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CTE - Assessment Workbook

This guide provides information, resources, and templates for assessing student learning outcomes at Central Penn College.

 

Program-level assessment is a cyclical process where various levels of the program are constantly being reviewed and if necessary, revised.  Departments should work to create a departmental assessment cycle that aligns with the institutional assessment cycle.  

 

Review the short video presentation below for a brief overview on program-level assessment.

 

 

To begin your program assessment, please see the process for reviewing your program mission statement and learning outcomes. 

 

The program mission statement should be a concise summary of

  1. the purpose, values, and principles that guide the creation of the curriculum
  2. the performance of the program’s students
  3. the standards for program’s graduates. 

An effective program mission statement will allow for the easy mapping of the program’s learning outcomes.  The program mission statement should align with the academic school’s mission statement, institution’s mission statement, and the institutional learning outcomes.  

 

Assessment Process

Departments should create an assessment cycle (three to five years) to review and revise the program mission statement and include the various stakeholders during the process. 

 

Reviewing the Program Mission Statement

Each department will be responsible for creating, documenting, and narrating their process for reviewing the mission statement.  When reviewing the program mission statement, departments should consider the following:

  1. Program and course assessments
  2. Stakeholder feedback, such as students, alumni, and faculty
  3. Accepted recommendations from advisory boards
  4. Current research on changes in the discipline

 

Revising the Program Mission Statement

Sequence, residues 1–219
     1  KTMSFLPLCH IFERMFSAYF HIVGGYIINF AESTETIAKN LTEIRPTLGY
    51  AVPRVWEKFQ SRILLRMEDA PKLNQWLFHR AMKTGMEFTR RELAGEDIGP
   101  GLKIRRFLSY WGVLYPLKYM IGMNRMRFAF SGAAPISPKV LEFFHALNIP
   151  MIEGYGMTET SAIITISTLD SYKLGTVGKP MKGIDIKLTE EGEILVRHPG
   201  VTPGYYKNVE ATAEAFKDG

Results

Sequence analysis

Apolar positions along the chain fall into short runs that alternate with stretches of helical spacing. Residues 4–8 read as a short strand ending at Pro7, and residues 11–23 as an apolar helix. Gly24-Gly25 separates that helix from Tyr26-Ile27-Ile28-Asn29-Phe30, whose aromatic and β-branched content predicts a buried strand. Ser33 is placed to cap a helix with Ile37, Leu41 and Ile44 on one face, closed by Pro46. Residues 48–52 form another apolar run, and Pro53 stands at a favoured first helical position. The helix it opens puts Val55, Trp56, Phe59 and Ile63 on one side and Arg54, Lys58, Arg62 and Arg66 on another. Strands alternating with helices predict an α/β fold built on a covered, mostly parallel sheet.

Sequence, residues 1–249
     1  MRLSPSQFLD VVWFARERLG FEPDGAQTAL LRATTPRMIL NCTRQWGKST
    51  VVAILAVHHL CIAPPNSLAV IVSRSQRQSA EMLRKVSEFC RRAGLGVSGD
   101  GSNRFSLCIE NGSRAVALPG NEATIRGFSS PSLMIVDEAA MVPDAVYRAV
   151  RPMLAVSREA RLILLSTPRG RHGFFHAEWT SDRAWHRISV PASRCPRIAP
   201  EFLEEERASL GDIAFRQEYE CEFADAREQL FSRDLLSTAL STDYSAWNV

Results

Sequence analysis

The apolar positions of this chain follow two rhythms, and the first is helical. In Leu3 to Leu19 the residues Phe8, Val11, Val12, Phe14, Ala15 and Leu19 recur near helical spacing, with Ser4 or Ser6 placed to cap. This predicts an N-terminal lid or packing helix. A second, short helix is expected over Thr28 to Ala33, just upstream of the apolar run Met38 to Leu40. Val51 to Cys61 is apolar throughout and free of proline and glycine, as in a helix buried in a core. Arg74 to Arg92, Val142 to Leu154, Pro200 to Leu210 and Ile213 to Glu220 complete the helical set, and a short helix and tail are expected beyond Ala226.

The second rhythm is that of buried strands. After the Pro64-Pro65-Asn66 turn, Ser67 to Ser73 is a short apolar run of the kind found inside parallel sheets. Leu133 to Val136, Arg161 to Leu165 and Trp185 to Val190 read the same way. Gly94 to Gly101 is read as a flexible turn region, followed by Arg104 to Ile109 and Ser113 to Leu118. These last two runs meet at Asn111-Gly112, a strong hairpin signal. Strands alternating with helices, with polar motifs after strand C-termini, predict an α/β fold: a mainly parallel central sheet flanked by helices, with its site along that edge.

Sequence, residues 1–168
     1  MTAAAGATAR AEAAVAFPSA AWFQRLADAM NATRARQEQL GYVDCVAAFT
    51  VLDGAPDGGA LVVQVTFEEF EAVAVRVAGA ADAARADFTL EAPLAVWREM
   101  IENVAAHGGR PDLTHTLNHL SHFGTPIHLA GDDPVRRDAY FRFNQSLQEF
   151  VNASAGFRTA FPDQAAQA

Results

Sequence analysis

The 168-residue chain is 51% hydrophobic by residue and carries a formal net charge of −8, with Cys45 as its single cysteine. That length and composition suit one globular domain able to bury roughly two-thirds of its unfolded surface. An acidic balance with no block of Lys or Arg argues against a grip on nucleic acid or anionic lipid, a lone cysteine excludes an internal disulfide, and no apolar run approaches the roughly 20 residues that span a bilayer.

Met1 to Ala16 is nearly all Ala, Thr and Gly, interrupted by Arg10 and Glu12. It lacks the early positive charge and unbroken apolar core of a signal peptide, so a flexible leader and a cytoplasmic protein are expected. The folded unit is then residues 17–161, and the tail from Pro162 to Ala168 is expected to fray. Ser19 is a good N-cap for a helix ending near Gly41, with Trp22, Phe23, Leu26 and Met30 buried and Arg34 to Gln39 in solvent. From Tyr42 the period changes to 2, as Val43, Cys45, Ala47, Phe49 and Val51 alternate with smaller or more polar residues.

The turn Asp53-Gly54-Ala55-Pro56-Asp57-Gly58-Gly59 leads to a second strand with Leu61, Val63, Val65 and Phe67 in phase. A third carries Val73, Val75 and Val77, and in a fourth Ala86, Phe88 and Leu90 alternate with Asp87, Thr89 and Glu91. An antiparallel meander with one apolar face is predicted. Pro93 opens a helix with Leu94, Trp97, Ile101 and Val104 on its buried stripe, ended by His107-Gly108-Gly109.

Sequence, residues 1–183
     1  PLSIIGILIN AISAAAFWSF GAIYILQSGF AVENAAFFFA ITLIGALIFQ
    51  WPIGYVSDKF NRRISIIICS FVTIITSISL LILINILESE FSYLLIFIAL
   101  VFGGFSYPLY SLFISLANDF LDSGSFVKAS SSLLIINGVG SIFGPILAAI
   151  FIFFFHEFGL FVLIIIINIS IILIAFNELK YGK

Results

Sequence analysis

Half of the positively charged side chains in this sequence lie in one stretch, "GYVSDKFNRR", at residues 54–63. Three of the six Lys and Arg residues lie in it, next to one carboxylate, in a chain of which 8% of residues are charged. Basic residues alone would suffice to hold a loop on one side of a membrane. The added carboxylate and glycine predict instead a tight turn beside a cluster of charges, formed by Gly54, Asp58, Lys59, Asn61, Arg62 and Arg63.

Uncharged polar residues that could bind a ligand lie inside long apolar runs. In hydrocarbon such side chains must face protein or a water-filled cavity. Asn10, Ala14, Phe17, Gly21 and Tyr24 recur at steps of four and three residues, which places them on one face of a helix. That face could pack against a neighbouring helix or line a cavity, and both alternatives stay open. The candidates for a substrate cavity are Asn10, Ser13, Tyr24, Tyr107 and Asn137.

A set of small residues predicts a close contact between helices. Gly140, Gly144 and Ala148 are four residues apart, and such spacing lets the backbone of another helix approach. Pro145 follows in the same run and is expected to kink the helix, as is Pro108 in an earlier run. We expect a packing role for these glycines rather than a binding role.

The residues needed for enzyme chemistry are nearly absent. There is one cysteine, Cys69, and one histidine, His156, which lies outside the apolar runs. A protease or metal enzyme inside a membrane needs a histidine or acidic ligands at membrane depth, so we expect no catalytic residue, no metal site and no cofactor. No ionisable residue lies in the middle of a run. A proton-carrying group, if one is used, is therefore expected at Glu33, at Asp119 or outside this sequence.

Each department will be responsible for creating, documenting, and narrating their process for revising the mission statement. The department should use the information gathered during the review to begin the process and establish a timeline for revisions as well as a process for drafting, voting, and reporting on changes. Changes to the program mission statement will result in changes to the program learning outcomes, which will result in changes to the curriculum, curriculum maps, assessment plan, and embedded assessments.

 

Documenting and Reporting

Departments may want to create a specific ad hoc committee and assign a chair from within faculty to coordinate the documentation and reporting about the process. 

 

Departments will need to document and report on the following:

  1. minutes which include attendance and vote tallies from committee or departmental meetings where the mission statement is discussed.
  2. memos or formal communications about the mission statement assessment process.
  3. relevant working documents that contributed to the revision of the mission statement.

 

When making a programmatic change, the program / committee chair should use the program review process created by the Curriculum Review Committee of Faculty Senate.  All documentation should be submitted through that process for tracking and archival purposes.

 

Program learning outcomes (PLO) should be demonstrable goals for student behavior and performance and should include standards to measure these qualities.  These outcomes should be grounded in the mission statement and easily aligned to the vision outlined therein.  These outcomes should also align to the institutional learning outcomes (ILO) though they need not align to all. 

 

Assessment Process